Ultimately, this technology is likely to become a therapeutic decision aid by facilitating the choice of the treatment best suited to the patient's cellular state, targeted at populations of abnormal cells and having proven its effectiveness on similar profiles, but also its adaptation over time according to the response of the disease. It is also expected to revolutionize prognosis since, on the basis of these cell profiles, the evolution of diseases could be known and therefore better anticipated.


Can we talk about personalized medicine in this case?

MM: The Single-Cell analysis does indeed appear to be one of the pillars for the development of a truly personalized medicine that takes into account as much data as possible about the individual and his or her illness.

With single-cell analysis, we are changing scale: it is as if until now we had been observing the human body with a zoom X10 microscope and now we have a zoom x1000. In one go, we can now analyze the expression of thousands of genes on more than 10,000 cells per individual.

What I hope is that in a few years' time, in addition to the clinical signs, when a patient arrives for a consultation, the doctor will be able to establish his or her cellular ID. All of this data will then be taken into account to identify the patient's disease, its evolutionary risk and the best treatment to offer.

Do you already have convincing results?

MM: As far as I'm concerned, in collaboration with Frédéric Rieux-Laucat's Lab, I'm studying more specifically diseases where the immune system overreacts and the organism starts to react as if it were invaded by a virus, even when this is not the case. Several parts of the body are then destroyed, including healthy cells, which causes autoinflammatory pathologies.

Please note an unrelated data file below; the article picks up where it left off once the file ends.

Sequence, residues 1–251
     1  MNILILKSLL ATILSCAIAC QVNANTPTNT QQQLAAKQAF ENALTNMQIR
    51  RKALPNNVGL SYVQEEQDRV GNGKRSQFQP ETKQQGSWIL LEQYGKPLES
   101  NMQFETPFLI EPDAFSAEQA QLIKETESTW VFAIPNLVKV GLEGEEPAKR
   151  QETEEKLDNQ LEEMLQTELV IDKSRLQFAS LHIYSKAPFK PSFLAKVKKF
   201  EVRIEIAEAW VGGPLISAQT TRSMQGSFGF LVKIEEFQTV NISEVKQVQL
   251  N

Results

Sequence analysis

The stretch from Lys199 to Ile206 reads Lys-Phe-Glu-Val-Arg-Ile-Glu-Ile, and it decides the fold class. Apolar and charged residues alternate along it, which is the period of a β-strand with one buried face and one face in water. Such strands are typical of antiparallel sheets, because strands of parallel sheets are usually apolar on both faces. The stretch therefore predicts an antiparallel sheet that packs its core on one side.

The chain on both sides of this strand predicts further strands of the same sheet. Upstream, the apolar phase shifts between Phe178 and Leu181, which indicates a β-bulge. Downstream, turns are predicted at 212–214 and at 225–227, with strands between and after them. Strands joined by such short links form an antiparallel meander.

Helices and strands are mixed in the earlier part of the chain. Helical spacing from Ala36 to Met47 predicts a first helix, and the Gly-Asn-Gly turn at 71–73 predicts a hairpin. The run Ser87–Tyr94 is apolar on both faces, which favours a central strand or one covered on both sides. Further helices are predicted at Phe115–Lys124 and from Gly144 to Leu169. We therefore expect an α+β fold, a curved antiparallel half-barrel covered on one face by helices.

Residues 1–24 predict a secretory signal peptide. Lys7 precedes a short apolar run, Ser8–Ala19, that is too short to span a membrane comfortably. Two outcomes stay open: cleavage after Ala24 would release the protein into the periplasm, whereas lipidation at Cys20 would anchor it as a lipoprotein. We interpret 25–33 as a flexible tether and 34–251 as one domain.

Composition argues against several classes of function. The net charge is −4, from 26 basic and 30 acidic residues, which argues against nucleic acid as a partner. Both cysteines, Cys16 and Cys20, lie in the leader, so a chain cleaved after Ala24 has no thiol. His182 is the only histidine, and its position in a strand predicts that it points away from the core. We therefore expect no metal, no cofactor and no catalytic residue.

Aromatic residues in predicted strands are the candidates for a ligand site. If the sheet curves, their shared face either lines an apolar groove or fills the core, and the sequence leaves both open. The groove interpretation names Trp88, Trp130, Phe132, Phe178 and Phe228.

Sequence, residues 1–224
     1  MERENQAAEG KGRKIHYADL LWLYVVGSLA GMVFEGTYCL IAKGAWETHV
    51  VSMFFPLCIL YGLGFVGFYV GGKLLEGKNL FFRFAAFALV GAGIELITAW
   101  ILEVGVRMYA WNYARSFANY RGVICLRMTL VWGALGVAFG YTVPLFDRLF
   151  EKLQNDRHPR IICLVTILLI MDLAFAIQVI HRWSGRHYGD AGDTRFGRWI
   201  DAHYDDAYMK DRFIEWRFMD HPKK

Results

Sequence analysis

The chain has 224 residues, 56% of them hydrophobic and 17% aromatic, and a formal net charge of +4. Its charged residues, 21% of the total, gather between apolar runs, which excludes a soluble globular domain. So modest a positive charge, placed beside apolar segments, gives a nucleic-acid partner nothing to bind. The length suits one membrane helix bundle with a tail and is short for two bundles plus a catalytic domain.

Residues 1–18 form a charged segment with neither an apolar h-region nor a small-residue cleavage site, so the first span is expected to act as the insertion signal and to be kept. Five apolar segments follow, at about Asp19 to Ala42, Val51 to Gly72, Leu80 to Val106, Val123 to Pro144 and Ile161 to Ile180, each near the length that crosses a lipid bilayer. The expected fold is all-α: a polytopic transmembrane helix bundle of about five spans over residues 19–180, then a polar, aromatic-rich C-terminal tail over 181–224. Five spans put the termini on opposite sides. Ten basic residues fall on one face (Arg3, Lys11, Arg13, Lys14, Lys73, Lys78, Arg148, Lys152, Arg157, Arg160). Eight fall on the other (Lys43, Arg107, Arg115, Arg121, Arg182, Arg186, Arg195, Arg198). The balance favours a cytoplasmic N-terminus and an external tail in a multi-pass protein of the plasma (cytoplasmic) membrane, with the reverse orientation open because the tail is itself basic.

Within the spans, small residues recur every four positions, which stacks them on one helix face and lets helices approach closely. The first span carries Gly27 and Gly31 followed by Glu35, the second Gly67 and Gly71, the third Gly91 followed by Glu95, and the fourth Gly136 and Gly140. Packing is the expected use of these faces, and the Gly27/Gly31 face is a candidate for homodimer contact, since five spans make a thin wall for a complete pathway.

We are still in "proof of concept" phases, but we have very promising results for certain immune deficiencies. Our objective is to analyse the 2000 most expressed genes, cell by cell, in young patients in order to understand how the disease makes its nest in the organism and progressively destroys it.

Over the last few weeks, with Frédéric Rieux-Laucat's Lab, we have been heavily monopolized on research into severe forms of COVID-19 - which is very similar to the pathologies we are used to studying with a runaway immune system - and children with forms resembling Kawasaki disease. Thanks to the American company 10X Genomics, a partner in the COVID-19 project, we were quickly able to install a new Chromium in an L3 containment laboratory for the study of blood cells from COVID-19 patients.